Finally, it should be noted that other strategies are being considered by developing countries (see for example, Jiaqi and Lambert 2002 or Omore et al. 2004). These include the creation of “small-scale dairy supply chains” (i.e., through small-scale marketing and processing facilities) as a way to contribute significantly to employment in rural, peri-urban and urban areas. This approach aims to improve the quality of milk destined for the informal markets. The existence of these other strategies increases the need for discussion as to whether or not investing in improving ineffective supply chains is the right approach to follow. However, as argued within this paper, whichever development approach is followed, it needs to be based on solid evidence and the impacts of different possible strategies need to be evaluated through the use of a range of important development indicators.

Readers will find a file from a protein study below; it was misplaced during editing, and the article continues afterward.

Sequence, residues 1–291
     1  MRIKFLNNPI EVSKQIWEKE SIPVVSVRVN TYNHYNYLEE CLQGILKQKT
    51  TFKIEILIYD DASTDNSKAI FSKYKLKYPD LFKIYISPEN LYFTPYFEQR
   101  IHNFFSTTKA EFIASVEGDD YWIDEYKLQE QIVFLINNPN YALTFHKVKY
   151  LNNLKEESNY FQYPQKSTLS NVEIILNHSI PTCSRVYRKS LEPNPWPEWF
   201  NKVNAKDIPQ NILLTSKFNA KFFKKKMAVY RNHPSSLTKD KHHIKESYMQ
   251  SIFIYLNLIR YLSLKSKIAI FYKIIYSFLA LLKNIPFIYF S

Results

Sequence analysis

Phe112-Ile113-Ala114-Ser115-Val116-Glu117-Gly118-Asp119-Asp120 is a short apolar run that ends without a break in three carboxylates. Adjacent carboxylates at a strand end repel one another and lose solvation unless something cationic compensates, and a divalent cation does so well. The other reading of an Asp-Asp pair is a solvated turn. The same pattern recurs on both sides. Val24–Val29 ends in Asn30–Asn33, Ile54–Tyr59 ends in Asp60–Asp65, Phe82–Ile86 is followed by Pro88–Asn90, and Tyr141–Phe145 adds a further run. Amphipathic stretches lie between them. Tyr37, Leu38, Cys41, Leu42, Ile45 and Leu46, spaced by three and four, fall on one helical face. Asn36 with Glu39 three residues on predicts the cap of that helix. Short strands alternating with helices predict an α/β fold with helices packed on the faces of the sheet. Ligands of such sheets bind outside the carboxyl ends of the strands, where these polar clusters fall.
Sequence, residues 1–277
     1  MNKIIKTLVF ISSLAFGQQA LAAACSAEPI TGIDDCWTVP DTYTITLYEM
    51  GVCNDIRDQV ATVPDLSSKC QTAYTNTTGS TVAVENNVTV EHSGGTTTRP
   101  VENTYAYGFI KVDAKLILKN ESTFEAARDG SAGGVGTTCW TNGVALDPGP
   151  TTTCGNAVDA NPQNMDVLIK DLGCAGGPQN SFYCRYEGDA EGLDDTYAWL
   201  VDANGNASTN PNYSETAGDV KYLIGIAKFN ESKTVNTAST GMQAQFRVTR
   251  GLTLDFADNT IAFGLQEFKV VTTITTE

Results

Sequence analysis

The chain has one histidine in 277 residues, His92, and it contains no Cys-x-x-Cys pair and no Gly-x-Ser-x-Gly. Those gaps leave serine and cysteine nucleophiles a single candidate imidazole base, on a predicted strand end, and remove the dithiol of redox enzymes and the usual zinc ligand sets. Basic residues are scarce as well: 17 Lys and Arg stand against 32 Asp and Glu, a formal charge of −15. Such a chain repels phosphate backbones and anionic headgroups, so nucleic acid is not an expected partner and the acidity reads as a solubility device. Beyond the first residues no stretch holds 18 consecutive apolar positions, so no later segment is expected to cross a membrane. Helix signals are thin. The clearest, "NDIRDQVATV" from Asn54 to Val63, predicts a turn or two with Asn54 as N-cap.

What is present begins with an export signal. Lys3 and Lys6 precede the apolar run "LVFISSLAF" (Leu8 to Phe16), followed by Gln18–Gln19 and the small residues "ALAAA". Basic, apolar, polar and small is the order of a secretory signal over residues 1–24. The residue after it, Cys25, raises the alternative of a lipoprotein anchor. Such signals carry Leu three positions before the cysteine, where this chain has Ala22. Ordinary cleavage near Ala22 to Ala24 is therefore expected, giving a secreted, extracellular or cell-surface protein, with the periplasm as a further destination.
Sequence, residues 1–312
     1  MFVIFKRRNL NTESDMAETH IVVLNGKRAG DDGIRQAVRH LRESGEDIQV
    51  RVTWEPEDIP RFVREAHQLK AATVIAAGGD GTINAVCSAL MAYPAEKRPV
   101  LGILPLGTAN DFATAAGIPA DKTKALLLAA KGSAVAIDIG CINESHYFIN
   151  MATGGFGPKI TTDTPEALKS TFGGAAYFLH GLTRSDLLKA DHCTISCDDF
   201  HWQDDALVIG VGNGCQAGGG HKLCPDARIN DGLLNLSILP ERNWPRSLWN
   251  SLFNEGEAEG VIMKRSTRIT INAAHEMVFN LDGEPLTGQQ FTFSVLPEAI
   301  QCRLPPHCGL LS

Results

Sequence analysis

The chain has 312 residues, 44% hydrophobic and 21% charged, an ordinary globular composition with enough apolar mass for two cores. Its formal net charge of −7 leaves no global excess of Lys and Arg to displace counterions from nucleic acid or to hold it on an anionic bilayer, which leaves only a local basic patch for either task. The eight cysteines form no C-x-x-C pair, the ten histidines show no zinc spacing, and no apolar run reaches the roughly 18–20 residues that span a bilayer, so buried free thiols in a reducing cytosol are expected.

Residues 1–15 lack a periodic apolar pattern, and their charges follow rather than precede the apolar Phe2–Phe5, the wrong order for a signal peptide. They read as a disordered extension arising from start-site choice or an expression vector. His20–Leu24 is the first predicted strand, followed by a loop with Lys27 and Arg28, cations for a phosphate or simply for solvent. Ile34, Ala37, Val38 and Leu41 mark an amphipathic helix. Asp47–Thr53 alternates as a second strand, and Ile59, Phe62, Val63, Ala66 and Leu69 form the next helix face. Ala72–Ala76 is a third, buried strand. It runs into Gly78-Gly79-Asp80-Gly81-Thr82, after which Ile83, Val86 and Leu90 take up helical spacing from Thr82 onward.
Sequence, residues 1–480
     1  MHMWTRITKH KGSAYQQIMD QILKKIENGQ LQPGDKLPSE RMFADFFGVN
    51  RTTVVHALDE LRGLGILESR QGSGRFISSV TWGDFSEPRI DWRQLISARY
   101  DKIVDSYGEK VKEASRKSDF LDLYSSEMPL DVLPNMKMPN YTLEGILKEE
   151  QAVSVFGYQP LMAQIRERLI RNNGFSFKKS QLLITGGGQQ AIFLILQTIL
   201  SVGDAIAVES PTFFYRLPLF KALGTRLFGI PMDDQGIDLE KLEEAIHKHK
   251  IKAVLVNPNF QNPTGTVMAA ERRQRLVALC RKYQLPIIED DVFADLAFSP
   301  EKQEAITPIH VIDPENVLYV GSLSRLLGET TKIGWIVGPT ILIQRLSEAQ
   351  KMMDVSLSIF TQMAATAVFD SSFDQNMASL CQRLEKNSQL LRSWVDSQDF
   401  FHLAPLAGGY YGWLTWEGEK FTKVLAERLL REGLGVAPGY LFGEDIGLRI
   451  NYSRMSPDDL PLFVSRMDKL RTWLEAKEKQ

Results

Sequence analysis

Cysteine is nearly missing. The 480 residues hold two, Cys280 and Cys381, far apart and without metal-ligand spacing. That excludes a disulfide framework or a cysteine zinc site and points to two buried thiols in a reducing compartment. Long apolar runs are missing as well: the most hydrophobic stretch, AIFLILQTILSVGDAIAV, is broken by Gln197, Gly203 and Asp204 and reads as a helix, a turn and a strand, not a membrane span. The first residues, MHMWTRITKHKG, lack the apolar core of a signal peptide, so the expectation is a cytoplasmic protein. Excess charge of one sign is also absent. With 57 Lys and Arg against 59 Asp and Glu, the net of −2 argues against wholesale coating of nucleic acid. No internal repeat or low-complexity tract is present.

Milk bulking groups are operated by farmers’ associations.


Note that estimated yields (milk production per cow) are a result of the estimation of the number of dairy animals by FAO and the estimation of the total production of milk by the Government of Malawi. During the period 1976 to 2011 yields were on average 4591 Hg/cow with a coefficient of variation of 2.7 %, in 2012 yields were on average 5525 Hg/cow and in 2013 9091 Hg/cow. Whilst the increase in the number of cows might be explained by the Presidential Initiative “One Cow per Family” launched in April 2013 and was supported by donors such as Heifer International, the massive increase in production and in yields in 2013 is far more difficult to explain.